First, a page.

That meant I had to start Chapter 6 from scratch. The problem with that was that Chapter 6 is an exposition chapter. Shaw received evidence and draws his conclusions. That’s much more difficult to pull off only in dialog. From that you can probably understand why I started and scrapped that chapter five times before just hacking it out and telling myself I’ll fix it in revisions.

Then there was the final conversation before Shaw confronts the person who did the actual deed. I had wanted to get more hard information about anesthesiology before getting to that chapter, but I forgot. I had read up on it to see if my idea on how to do it would work, so I winged it with what I remembered from that. So I’ll get the hard data and insert it into the placeholders when I do the revisions.

One thing I am happy with is that I managed to work in a blink-and-you’ll-miss-it reference to The Coldest Blood. In case you don’t know what I’m talking about, The Coldest Blood is the first Shaw novel. It’s available for only 99 cents on Amazon US, Amazon UK and Amazon Germany. I’m quite proud that I managed to make a reference that you can consider light snark from the character if you don’t know The Coldest Blood, but if you do know it you’ll catch a different layer of meaning.

If a blog post had chapters, I’d call the next one Evolution of a Suicide.

There are some things I always knew I would do. One was the killers’s motivations. There’s the Mastermind, and I know their motivation. And there’s the trigger person, and I knew how their motivation would result in Shaw really getting involved with it.

Huh? What?

Yeah. Exactly. The problem with the idea of Die Young was that Shaw initially gets involved out of curiosity. But that’s not enough to make him take the case. It’s not believable that he should put aside paying work (okay, which he doesn’t have) and get into danger just because he’s curious. I knew I needed to provide him with a stronger reason to go after the Big Bad. I found that reason in the Trigger Person’s motive for their part in the murder. That had also been slightly tricky, because the Trigger Person needed to go against their apparent own interest to do it. When I found an answer to why someone would do it, I also had the answer for Shaw’s motivation to follow this through.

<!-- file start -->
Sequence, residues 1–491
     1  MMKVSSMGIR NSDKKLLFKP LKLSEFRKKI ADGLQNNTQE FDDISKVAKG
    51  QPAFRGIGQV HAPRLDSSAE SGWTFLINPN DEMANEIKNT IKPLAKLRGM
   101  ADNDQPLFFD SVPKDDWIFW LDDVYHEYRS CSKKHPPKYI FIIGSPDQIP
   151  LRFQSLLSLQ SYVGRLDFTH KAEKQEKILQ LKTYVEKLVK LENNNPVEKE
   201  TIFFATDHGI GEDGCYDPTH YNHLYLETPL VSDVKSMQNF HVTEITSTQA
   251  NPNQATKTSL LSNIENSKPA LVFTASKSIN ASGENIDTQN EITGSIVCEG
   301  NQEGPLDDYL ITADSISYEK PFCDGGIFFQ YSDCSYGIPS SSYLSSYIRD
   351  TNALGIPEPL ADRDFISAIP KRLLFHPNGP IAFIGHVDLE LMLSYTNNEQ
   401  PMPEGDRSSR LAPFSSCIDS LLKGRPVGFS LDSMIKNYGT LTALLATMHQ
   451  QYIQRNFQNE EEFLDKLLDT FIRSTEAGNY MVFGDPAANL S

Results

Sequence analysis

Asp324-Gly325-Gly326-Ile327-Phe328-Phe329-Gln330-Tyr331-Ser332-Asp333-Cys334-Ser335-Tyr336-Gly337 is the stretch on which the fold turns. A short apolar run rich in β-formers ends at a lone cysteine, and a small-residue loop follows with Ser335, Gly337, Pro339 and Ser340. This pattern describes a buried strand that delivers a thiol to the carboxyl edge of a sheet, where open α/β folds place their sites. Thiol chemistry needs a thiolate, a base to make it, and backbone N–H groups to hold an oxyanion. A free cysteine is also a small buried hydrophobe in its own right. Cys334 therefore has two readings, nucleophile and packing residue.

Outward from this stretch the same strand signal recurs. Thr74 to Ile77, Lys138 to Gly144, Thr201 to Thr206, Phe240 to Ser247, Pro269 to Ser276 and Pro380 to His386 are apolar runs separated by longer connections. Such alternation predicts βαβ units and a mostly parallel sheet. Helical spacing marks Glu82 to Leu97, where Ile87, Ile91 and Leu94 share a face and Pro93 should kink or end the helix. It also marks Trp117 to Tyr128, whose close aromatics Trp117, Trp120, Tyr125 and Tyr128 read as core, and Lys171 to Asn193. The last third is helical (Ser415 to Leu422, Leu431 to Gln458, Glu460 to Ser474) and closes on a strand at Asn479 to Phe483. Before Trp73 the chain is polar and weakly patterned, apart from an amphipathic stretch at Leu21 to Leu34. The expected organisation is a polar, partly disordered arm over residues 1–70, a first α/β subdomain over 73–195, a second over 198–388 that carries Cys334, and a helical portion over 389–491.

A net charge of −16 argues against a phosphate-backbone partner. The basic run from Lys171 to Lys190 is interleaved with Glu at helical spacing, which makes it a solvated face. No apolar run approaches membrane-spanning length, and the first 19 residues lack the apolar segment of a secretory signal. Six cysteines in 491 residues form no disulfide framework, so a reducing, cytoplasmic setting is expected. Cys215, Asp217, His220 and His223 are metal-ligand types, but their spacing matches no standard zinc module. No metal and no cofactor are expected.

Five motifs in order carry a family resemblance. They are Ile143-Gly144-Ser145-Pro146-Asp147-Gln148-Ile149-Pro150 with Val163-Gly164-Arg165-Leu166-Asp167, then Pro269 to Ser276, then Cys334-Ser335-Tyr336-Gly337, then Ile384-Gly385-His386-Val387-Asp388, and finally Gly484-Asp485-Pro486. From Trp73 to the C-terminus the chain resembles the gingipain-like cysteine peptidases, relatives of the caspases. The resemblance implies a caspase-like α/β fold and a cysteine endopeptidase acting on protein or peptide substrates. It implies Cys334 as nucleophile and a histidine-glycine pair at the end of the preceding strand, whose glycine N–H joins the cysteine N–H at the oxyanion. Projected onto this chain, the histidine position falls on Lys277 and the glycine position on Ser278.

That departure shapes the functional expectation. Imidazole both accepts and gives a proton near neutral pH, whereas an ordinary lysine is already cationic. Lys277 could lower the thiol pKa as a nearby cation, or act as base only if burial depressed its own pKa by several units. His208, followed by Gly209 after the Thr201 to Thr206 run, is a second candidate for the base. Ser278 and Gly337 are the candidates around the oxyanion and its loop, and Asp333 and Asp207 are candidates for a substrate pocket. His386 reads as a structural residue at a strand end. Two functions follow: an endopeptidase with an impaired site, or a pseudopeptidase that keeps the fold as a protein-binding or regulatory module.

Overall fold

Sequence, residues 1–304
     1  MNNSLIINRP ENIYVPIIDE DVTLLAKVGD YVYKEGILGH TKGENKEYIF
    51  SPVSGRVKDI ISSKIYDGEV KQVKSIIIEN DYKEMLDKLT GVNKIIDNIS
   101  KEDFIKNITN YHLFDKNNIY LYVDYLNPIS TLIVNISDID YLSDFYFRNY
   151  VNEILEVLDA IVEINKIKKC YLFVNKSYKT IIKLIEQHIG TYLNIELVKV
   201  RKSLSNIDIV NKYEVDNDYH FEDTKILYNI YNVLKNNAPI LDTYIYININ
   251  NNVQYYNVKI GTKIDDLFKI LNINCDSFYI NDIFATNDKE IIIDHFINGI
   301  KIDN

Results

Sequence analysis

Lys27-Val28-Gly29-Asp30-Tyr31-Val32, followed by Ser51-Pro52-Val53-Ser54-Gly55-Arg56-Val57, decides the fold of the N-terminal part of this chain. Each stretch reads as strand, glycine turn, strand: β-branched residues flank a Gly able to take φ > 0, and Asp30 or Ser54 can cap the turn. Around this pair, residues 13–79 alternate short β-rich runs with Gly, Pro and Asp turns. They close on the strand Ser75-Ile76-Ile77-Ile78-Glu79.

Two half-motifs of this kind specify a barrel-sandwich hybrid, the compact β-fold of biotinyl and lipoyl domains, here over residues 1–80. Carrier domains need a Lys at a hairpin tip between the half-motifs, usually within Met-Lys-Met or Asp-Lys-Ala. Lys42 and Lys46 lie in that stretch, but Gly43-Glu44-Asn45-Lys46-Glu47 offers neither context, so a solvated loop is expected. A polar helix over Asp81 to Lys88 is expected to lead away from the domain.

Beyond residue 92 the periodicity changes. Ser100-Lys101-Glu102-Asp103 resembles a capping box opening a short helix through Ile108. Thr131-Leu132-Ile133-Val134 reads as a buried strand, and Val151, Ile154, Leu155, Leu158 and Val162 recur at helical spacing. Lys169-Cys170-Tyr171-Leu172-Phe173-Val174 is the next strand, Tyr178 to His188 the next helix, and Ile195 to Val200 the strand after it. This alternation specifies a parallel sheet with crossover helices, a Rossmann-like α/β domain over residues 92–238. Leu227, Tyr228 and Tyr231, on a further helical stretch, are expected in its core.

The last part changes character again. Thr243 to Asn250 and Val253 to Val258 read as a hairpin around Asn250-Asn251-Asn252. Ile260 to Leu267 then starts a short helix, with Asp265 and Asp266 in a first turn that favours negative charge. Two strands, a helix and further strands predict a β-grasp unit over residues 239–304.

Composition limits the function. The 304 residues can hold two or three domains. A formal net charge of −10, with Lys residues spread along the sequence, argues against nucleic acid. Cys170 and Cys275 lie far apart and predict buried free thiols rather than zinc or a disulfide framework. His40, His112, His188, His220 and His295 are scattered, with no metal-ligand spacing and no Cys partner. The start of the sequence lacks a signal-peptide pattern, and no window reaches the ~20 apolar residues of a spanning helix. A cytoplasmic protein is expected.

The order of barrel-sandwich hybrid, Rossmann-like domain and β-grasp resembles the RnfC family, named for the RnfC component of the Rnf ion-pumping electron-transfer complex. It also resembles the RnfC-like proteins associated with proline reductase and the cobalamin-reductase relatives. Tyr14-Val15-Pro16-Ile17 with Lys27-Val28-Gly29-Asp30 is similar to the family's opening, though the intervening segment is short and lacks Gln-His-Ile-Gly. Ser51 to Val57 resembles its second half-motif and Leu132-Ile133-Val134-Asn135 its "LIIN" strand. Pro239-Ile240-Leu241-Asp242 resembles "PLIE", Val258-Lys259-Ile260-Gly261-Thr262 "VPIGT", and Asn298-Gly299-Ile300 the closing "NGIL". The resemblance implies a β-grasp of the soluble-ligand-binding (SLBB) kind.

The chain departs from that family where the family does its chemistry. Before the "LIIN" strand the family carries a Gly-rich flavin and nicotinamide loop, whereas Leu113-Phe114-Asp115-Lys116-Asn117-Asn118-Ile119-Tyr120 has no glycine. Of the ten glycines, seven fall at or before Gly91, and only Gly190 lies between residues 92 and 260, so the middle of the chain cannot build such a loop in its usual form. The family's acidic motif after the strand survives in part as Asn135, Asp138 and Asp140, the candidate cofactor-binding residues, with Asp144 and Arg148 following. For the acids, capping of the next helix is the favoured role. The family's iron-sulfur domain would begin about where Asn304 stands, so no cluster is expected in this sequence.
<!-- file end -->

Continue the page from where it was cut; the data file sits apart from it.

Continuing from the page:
The other thing I knew from the beginning was that I wanted to leave it vague just how much the Trigger Person knew. Did they know they were murdering Diana Young? Did they think they were doing something else? Did they know and just fool themselves into thinking they didn’t? I think I pulled that off. Which leaves the next thing nicely poignant.

The suicide.

Another thing I always knew was that I wanted the Trigger Person to commit suicide in front of Shaw. (No, this is only a mild spoiler, because it happens only 30 pages into the manuscript.) As I worked towards it, I had this image of him chasing the Trigger Person up to a roof, where the Trigger Person confesses their part and jumps. As the story progressed, that became implausible. There was no way that the Trigger Person could stay out of Shaw’s reach long enough to get to the roof. There was also no way that Shaw would meet the Trigger Person on the roof. For the leap into death, they had to be in a closed room high up in a building. Problem: windows, and windows that high in New York, AFAIK, don’t open. So I needed the Trigger Person to have a way to smash the window. Solution: the Trigger Person brings a gun, to shoot out the window. Waitasecond — if the Trigger Person has a gun, they don’t need to shoot out the window, they can shoot themselves … Also, that they had brought the gun has some interesting implications about the Trigger Person’s state of mind after the murder.

So all in all, I’m happy with some things that I managed to do, but I’m unhappy that I left so much “to fix in revision”. But if I hadn’t, I’d probably still be tinkering with Chapter 6 (the exposition chapter, remember?). It’s probably better this way, even if I feel not very good about it.

23. April 2011

Novel in Progress: Die Young

Progress on Die Young is slow but steady. And as the saying goes, that wins the race, right?

On the chapters so far, I’ve borrowed a page from Robert B. Parker. If you look at how he did things, you’ll see that each chapter is one conversation. His protagonist has a conversation, end chapter, new chapter with new conversation, end chapter, new chapter with new conversation. Even if the two conversations happen in the same location. Start chapter, have conversation, end chapter. Start chapter, have conversation with the other person sitting at the table, end chapter.